A number of readers weighed in on my assessment back in January of the British-made Ecopod, the stylish but pricey coffin that's making its debut in this country. One of the most thoughtful, articulate, and passionate reactions came from Cynthia Beal, a green burial advocate who sells Ecopods and other funerary products in her Portland, Oregon, shop named the Natural Burial Company.
You can read Cynthia's full response to my blog post here. In brief, she defends the $3,000-plus sticker price of the Ecopod because, among other reasons, those dollars support every person involved in the production and delivery of a beautiful, handcrafted and earth-friendly piece of artwork, from artist to shopkeeper. "A low price in dollars is NEVER the best way to measure true cost," Cynthia writes. "[I]n fact, if you see something that's cheap, that's almost a sign that it has a whole host of externalized costs it's NOT accounting for," including environmental degradation, low wages for workers and the like. Those who can afford the Ecopod support good work with their purchase. Those with shallower pockets aren't out in the cold; they have their pick of other, more affordable and eco-friendly alternatives, from cardboard boxes to pine caskets.
Well, amen to that. Price may matter to the family pocketbook, but Cynthia is right: it shouldn't be the sole arbiter in gauging greenness. When it comes to the planet, sometimes more really can be better. Consider cemetery space. A plot at the local graveyard may go for half of the two thousand dollars that Ramsey Creek charges (mostly because regular cemeteries typically sell plots as loss leaders and make up the difference in vault sales and such). But the higher cost of eternal real estate at Ramsey Creek is simply worth it. Not only does the memorial preserve allow for the natural return of one's remains, but the actual cost of burial there also funds the preservation and restoration of ecologically significant land that's otherwise threatened by the bulldozer. The greater investment may exceed the reach of some families, but the investment is nonetheless one worth making. The same is true of the Ecopod, which, as I wrote in the January blog, is "certainly worth the greenbacks."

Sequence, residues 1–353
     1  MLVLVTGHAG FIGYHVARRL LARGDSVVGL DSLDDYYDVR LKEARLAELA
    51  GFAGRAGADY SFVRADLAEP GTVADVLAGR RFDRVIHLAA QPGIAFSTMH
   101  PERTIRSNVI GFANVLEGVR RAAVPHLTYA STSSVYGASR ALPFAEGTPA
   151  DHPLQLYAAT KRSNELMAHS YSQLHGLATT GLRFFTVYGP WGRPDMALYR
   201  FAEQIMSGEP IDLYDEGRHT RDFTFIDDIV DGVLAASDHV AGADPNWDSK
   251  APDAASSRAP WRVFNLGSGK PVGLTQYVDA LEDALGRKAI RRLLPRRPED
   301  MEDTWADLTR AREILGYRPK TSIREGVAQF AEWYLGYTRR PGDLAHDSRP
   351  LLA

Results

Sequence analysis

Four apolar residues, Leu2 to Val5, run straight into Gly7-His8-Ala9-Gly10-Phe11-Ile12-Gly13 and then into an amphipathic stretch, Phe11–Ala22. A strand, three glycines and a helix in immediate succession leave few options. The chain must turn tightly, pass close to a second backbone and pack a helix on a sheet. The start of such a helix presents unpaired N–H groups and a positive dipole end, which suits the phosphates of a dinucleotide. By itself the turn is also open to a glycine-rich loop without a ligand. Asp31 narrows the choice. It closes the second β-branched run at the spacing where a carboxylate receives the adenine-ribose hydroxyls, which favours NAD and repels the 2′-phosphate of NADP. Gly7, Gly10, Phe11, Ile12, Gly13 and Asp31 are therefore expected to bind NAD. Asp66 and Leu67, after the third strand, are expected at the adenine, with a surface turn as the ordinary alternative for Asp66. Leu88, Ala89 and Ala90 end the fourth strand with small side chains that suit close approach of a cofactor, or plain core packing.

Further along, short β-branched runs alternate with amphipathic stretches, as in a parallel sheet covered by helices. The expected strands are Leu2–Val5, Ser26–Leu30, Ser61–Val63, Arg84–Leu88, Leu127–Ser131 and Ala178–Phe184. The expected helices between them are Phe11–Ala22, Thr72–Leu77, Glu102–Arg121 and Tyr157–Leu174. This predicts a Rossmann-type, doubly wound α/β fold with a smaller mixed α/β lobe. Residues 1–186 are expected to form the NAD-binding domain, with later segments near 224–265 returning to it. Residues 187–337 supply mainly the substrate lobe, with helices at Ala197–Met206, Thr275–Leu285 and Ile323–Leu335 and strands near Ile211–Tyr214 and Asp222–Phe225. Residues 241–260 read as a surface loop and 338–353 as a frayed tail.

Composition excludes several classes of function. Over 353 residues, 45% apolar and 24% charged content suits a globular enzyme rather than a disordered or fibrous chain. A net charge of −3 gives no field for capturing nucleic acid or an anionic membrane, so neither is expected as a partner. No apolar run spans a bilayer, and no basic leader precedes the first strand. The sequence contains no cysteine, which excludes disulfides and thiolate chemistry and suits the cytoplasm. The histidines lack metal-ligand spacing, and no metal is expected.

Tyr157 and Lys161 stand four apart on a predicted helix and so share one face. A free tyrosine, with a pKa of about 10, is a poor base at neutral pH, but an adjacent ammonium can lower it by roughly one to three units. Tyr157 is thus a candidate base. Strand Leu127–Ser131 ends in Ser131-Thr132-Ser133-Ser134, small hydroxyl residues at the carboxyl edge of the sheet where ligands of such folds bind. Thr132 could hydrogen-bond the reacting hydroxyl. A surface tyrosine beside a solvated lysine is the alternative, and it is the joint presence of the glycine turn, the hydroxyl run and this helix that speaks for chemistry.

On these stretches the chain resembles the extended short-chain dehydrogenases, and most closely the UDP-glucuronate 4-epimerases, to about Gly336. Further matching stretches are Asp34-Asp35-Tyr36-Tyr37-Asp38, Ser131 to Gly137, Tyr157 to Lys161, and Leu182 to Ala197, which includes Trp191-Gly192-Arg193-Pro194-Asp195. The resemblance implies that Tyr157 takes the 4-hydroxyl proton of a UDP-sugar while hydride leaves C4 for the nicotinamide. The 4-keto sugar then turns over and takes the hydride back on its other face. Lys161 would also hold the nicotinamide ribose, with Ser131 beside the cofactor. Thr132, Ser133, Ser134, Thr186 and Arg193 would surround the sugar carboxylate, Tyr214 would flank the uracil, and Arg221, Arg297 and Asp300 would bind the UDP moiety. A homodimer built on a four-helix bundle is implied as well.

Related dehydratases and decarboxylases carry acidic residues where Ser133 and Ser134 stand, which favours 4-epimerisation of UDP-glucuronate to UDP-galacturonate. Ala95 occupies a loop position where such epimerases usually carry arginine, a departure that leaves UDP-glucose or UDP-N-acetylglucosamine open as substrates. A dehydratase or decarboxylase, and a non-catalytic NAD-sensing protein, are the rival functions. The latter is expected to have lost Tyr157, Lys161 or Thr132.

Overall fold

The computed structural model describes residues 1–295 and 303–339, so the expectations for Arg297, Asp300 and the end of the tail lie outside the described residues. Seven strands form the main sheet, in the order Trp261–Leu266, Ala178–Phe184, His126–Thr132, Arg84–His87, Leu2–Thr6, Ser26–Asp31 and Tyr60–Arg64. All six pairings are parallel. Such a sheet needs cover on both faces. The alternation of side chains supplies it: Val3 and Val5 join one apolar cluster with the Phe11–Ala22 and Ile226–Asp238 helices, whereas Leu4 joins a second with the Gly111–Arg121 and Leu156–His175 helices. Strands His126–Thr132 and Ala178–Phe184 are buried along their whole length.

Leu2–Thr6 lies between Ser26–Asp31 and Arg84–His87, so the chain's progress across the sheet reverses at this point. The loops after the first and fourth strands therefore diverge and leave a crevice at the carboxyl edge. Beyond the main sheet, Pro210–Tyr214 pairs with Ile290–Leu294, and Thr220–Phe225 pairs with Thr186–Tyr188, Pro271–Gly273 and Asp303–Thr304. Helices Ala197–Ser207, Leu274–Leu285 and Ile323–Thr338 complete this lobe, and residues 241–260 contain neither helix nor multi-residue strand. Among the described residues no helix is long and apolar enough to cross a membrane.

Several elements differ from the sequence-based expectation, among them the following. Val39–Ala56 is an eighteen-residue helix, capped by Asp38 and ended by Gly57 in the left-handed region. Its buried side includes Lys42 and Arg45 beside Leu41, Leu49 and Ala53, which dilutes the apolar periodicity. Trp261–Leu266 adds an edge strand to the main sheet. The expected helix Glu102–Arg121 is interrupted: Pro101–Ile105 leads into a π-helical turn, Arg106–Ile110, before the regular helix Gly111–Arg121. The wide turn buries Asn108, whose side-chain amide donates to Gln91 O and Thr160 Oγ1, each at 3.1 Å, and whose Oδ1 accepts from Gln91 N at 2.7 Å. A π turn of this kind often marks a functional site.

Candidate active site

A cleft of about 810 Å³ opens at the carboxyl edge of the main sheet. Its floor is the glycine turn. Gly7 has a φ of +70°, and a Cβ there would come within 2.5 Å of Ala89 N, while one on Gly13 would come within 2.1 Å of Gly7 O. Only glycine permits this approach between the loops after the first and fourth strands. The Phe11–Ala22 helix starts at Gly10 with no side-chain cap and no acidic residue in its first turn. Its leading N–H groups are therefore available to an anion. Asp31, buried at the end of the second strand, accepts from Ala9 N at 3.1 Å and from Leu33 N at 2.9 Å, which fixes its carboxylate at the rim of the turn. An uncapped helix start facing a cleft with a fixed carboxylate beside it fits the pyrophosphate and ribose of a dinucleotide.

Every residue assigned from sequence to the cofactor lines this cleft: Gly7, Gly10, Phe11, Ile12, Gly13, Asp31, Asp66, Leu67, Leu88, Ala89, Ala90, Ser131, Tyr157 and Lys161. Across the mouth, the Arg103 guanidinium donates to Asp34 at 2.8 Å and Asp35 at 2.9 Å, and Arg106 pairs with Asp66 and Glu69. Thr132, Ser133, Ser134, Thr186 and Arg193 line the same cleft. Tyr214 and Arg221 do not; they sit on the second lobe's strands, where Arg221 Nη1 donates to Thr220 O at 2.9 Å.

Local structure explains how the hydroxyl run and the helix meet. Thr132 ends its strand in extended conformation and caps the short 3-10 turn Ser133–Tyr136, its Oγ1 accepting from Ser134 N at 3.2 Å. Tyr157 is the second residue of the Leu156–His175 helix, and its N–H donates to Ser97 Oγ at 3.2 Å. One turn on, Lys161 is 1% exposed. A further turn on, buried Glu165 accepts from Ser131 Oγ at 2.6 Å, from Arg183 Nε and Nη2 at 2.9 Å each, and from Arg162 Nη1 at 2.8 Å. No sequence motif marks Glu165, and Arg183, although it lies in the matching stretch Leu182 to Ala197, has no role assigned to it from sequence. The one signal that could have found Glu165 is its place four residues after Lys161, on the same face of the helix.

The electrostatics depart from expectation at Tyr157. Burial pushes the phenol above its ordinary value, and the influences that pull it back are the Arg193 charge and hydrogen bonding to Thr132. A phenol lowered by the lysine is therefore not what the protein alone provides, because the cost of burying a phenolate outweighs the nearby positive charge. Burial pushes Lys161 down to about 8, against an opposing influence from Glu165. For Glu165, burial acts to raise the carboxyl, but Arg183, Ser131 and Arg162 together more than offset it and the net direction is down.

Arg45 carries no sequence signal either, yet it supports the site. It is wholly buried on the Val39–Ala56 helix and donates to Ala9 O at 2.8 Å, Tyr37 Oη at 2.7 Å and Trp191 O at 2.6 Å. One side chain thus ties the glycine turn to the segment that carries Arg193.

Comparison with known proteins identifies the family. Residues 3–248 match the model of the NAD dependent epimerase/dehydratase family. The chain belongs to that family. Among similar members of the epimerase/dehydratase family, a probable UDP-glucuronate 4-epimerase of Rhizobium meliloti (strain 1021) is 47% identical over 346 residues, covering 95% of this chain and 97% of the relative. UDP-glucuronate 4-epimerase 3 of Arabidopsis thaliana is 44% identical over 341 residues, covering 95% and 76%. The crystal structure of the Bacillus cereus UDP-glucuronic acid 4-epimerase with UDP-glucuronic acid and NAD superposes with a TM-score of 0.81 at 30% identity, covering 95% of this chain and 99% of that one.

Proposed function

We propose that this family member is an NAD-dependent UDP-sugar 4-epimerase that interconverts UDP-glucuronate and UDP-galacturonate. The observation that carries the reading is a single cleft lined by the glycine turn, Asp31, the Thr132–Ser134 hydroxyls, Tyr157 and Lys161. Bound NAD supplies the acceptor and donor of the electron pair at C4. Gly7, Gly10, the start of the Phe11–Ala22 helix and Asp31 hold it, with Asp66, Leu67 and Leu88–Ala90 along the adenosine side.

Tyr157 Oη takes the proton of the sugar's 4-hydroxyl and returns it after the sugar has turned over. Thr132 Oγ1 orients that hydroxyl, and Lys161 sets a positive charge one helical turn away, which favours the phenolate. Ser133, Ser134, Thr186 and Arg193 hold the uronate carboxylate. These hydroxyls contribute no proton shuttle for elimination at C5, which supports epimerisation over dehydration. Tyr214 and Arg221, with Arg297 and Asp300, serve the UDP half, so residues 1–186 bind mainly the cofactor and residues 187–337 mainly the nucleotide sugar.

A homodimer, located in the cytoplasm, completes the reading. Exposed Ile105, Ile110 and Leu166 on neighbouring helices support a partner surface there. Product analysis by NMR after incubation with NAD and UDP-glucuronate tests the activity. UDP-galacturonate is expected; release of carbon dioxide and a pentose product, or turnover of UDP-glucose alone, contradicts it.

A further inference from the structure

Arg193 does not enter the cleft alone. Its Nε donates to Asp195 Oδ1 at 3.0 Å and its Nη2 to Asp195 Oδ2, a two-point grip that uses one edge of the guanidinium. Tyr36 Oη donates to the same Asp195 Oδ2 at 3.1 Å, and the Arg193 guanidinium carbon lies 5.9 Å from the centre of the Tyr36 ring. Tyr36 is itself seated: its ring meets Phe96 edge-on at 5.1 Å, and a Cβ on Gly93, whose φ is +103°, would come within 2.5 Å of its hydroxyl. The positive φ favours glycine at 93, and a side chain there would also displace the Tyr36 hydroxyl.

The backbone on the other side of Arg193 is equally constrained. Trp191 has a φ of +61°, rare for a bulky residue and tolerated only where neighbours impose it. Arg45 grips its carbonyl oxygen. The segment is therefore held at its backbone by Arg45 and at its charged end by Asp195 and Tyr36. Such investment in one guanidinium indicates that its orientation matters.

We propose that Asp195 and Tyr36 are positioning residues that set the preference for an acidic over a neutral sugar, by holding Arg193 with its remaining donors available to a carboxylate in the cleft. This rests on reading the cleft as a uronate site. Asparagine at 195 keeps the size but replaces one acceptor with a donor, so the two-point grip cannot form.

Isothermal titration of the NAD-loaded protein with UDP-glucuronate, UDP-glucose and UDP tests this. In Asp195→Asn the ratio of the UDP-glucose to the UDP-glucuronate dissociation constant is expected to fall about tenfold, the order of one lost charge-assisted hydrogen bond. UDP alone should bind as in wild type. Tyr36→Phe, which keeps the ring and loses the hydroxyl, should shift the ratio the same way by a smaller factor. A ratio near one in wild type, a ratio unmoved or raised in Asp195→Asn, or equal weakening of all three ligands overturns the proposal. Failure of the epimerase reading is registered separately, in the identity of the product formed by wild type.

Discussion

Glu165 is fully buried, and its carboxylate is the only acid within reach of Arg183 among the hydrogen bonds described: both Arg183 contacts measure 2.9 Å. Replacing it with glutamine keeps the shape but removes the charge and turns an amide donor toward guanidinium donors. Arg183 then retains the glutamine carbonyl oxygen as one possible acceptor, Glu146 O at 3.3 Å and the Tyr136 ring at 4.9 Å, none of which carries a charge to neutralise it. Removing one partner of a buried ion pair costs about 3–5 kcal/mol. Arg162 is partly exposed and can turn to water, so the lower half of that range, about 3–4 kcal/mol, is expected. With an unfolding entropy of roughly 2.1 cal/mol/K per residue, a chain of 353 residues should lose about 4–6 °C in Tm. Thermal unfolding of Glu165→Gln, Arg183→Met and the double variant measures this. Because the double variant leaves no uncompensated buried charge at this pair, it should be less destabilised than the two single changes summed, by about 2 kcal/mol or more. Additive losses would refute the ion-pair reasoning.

Cost isn't my beef with the Ecopod (and some of the other earth-friendly burial goods that are washing up on these shores from abroad, including British-made caskets of willow and bamboo coffins woven in China). It's provenance.
As far as I know, the Ecopod is manufactured solely in Great Britain. The short distance between the Ecopod's ARKA production plant in Brighton and the 200-plus natural cemeteries scattered throughout in the U.K. makes the Ecopod a high green vehicle to the afterlife for eco-conscious Brits. Not so for their American counterparts.
To reach them, ARKA must transport Ecopods thousands of carbon-spewing miles across the great pond of the Atlantic and, from there, possibly across the entire North American continent to its various points of sale. That trans-oceanic and -continental journey freights the otherwise eco-friendly Ecopod with a significant environmental drag that can't be dismissed in the name of aesthetics, particularly when the artwork itself is billed as earth-friendly. A family that spends its greenbacks for the lovely Ecopod certainly supports the manufacture of a good product and of good community. But until the Ecopod is produced closer to its final destination in this country, the plain Jane cardboard box, cloth shroud or simple pine casket would, in most cases, trump it in overall greenness.
That said, it's important to put reservations about the Ecopod into perspective. First, the British coffin's a better deal for the planet, its carbon footprint notwithstanding, than the U.S.- (and increasingly Mexican-) made metal casket that's standard issue in this country. Plus, the Ecopod's carbon footprint may be a temporary phenomenon. I understand that ARKA is considering setting up a manufacturing plant in North American, to service U.S and Canadian customers closer to where they live.
Cynthia Beal, a smart and dedicated environmentalist with a long history in the natural products industry, understands these arguments as well as anyone and is working to address them. One of the many compelling projects she's looking forward to launching involves planting willow trees in this country and then training artisans in local communities to weave the willow into fetching and readily biodegradable coffins. When that happens, Cynthia won't just be producing true green coffins; she'll have established the basis of the kind of truly sustainable economy that, I believe, is the only way we'll thrive in a warming age.
One note about cost and aesthetics. They don't always correlate. The $800 cherry coffin that heads this post is every bit as handsome as an Ecopod or willow or bamboo casket. Same for the cardboard coffin above -- grand total: $35 -- that two Texan women decorated for the grandmother whom they'd helped wake in her own home. Or, frankly, any of the cardboard coffins that children slop over with fat paint brushes. A frugal family that wants to send its loved one off in high, green style can do so on a penny pincher's budget.
So, when my time comes go ahead and "bury me beneath the willow," as the old bluegrass standard puts it and as Alison Krauss, below, sings it. But, please, lay me down in a simple cardboard coffin -- or pine box or cloth shroud. Save your money.